A team of scientists at the Salk Institute and Rutgers University has determined the molecular structure of HIV Pol, a protein that plays a key role in the late stages of HIV replication, the process through which the virus propagates itself and spreads through the body. Importantly, determining the molecule’s structure helps answer longstanding questions about how the protein breaks itself apart to advance the replication process.
Understanding how HIV replicates within cells is key to developing new treatments that could help the nearly 40 million people globally who live with HIV. The new discovery reveals a new vulnerability in the virus that could be targeted with drugs. “Structure informs function, and the insights we gained from visualizing the molecular architecture of Pol give us a new understanding of the mechanism by which HIV replicates,” stated Dmitry Lyumkis, PhD, assistant professor in the Laboratory of Genetics and Hearst Foundation Developmental Chair at Salk. Lyumkis is co-senior author of the team’s published paper in Science, titled “Cryo-EM structure of HIV-1 Pol polyprotein provides insights into virion maturation.”
“Many of the gene products of RNA viruses are initially translated as precursor polyproteins that are subsequently cleaved to yield mature proteins that play either structural or enzymatic roles,” the investigators explained. Scientists previously knew that the HIV Pol polyprotein breaks into three enzymes—a protease (PR), a reverse transcriptase (RT) and an integrase (IN)—that work together to assemble the mature form of the virus.
The protease plays a critical role in initiating this process by chopping up the molecule to separate the other components. However, it was previously unknown how the protease itself breaks free, first from the larger polyprotein HIV Gag-Pol and then from HIV Pol, to accomplish this task. “In HIV-1, the structural proteins are translated initially as part
of Gag polyprotein, while the enzymes that enable the virus to multiply and spread are synthesized as part of the Gag-Pol precursor polyproteins,” the investigators noted in their published paper. “Both polyproteins are cleaved by the viral protease (PR), which is synthesized as part of Gag-Pol, during maturation.”
However, they further noted, relatively little is known about the molecular organization of the Pol portion of the Gag-Pol polyprotein or the immature forms of the viral enzymes. “This is due, at least in part, to the absence of systems that can be used to efficiently produce and purify large amounts of the HIV-1 Gag-Pol or Pol polyproteins for structural and other biophysical studies.”
The newly reported work suggests that the protease initiates the process by self-cleaving or cutting itself free from the rest of the molecule, aided by reverse transcriptase and, possibly, integrase.
For their study the team used cryogenic electron microscopy, an imaging technique to which Lyumkis has made important contributions, to reveal the three-dimensional structure of the HIV pol protein molecule. This led to the discovery that Pol is a dimer, meaning that it is formed by two proteins bound together. The finding was a surprise because other similar viral proteins are single-protein assemblies.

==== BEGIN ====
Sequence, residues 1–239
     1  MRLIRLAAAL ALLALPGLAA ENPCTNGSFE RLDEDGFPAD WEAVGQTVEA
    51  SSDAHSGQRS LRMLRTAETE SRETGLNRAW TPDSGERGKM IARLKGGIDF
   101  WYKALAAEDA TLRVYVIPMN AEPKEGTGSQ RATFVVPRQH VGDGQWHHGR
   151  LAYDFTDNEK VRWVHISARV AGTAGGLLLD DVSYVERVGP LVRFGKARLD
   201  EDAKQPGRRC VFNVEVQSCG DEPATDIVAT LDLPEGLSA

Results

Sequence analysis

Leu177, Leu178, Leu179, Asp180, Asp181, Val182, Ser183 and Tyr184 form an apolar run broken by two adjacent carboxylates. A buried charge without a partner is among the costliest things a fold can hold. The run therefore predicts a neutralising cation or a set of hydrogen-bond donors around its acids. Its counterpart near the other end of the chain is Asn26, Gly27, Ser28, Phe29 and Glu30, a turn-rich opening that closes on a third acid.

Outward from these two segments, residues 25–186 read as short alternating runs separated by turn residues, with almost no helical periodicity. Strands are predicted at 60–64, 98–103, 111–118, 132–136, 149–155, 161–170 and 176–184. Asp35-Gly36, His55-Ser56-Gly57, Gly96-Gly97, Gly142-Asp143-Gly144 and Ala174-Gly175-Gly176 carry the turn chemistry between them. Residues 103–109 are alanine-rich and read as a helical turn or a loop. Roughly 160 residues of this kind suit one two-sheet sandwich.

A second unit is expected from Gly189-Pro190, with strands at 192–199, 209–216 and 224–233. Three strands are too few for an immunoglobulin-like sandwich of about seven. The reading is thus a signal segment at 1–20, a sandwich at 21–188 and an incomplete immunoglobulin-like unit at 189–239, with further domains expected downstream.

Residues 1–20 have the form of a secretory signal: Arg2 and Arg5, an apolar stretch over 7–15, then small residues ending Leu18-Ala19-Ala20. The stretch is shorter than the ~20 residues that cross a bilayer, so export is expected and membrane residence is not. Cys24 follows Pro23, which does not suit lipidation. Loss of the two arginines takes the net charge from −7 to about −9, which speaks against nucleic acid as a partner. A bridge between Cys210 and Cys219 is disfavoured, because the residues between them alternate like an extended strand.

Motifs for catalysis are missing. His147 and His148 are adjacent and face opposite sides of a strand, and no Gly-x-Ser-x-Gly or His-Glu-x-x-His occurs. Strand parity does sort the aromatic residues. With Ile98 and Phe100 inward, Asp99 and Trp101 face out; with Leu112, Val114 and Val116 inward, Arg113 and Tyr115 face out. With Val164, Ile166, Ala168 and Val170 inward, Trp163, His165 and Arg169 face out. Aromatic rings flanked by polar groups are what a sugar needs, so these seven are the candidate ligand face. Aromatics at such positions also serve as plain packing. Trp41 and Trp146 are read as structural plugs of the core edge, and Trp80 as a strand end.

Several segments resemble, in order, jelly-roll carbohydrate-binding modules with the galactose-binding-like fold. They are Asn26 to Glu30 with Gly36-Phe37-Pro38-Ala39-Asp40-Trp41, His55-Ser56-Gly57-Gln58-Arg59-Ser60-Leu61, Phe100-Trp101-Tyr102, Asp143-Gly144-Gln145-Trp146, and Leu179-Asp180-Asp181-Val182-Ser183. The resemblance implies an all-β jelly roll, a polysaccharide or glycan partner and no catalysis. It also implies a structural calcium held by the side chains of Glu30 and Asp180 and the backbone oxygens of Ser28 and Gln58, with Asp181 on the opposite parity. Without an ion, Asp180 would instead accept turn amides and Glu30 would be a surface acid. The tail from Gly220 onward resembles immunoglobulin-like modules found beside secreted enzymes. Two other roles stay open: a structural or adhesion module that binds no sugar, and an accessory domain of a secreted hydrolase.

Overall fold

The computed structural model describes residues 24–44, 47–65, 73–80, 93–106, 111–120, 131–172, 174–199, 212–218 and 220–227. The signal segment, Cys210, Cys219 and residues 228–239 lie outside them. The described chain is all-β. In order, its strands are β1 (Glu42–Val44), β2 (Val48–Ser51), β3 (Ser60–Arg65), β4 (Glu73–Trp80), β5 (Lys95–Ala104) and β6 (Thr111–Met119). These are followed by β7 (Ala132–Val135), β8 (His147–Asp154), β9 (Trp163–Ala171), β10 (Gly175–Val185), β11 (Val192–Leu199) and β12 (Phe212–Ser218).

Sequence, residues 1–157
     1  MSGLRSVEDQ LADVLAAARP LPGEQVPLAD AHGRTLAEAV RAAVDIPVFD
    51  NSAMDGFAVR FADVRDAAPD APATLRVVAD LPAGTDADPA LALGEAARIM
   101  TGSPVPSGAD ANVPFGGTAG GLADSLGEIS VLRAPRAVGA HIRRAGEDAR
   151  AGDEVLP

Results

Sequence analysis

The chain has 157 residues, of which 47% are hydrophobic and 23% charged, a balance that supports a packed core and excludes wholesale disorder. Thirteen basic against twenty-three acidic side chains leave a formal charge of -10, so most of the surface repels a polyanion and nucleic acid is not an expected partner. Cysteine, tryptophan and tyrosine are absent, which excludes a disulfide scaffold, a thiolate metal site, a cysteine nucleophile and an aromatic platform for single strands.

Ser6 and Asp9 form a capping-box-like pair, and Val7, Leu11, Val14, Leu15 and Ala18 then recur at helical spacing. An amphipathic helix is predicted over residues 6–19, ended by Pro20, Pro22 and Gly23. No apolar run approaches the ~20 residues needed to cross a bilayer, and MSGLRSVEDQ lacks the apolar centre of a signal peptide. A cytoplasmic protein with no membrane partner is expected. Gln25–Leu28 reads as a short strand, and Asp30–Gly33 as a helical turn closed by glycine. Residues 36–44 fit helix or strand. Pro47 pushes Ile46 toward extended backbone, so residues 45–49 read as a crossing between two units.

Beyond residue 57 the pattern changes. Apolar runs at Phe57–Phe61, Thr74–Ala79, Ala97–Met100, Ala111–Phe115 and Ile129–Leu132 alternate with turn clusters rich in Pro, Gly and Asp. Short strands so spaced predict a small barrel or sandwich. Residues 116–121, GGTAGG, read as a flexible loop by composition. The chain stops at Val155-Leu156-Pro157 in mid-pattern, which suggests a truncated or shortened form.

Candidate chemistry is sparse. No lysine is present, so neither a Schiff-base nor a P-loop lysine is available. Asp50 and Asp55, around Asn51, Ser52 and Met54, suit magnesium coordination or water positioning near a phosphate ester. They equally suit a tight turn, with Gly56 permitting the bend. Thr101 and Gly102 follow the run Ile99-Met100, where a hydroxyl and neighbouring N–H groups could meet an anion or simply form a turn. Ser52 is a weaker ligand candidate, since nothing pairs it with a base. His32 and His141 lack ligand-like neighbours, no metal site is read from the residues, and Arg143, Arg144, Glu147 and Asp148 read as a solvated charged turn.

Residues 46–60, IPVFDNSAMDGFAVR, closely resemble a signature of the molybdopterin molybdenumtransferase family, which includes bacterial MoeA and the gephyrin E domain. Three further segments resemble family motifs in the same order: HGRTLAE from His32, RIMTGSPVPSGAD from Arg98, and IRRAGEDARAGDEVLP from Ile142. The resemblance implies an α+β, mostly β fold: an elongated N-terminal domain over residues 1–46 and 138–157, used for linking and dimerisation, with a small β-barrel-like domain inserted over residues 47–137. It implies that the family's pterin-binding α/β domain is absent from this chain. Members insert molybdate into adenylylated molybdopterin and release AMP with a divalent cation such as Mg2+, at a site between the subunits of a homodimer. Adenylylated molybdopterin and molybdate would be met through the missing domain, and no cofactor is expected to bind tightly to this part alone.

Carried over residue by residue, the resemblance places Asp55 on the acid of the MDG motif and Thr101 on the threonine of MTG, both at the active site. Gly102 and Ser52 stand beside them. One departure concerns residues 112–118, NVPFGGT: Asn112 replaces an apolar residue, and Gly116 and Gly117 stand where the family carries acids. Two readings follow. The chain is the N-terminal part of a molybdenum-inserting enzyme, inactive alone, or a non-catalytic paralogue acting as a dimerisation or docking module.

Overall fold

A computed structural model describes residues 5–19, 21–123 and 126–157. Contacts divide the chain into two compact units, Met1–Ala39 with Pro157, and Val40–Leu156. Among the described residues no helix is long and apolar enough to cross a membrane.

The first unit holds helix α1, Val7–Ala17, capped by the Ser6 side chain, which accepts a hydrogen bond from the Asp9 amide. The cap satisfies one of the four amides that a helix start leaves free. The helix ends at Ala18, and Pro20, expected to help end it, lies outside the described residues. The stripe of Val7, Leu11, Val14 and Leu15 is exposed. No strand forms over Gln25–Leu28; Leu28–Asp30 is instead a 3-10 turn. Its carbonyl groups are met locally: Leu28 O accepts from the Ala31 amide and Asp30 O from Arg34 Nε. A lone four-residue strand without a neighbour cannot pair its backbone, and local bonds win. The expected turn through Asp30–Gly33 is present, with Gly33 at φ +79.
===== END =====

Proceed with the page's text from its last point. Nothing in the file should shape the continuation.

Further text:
“The first challenge was producing a stable version of HIV Pol so the structure could be analyzed, which had never previously been reported,” says co-first author Jerry Joe Harrison, phD, senior lecturer at the University of Ghana. The authors noted, “We developed a system to produce stable HIV-1 Pol and determined its cryo–electron microscopy structure.” Co-senior author Eddy Arnold, PhD, board of governors professor and distinguished professor in the Center for Advanced Biotechnology and Medicine at Rutgers University, noted, “This was a key missing piece of the HIV structural puzzle.”
The group showed that in this two-sided structure, the protease component of Pol is “loosely tethered” to the reverse transcriptase component in a binding configuration that keeps the protease slightly flexible. “It’s holding the protease at arm’s length, loosely, and we believe that gives the protease a little bit of movement, which in turn allows it to initiate the cutting of polyproteins that is a prerequisite for viral maturation,” said co-first author Dario Passos, PhD, a former researcher in Lyumkis’ lab at Salk. “Current HIV treatments include multiple classes of inhibitors for all three enzymes, and the discovery also reveals a new vulnerability that could be targeted with drugs.”
“It was known (but not understood) that there is a coupling between these enzymes before HIV Pol breaks apart,” Commented Arnold. “Visualizing the HIV Pol structure explains the basis for this complex mechanism.”
The authors concluded in their paper, “ … our cryo-EM structure indicates that PR can form dimers while part of Pol … Together, our results show how HIV-1 maturation leverages the dimerization interface in the RT portion of Pol to regulate the maturation of polyprotein precursors.”
The authors say the discovery opens the door for important follow-up research, including studies of the structure of the larger and more complex polyprotein Gag-Pol, also involved in viral assembly, as well as taking a closer look at the role of integrase in assembling the mature form of the HIV virus during replication.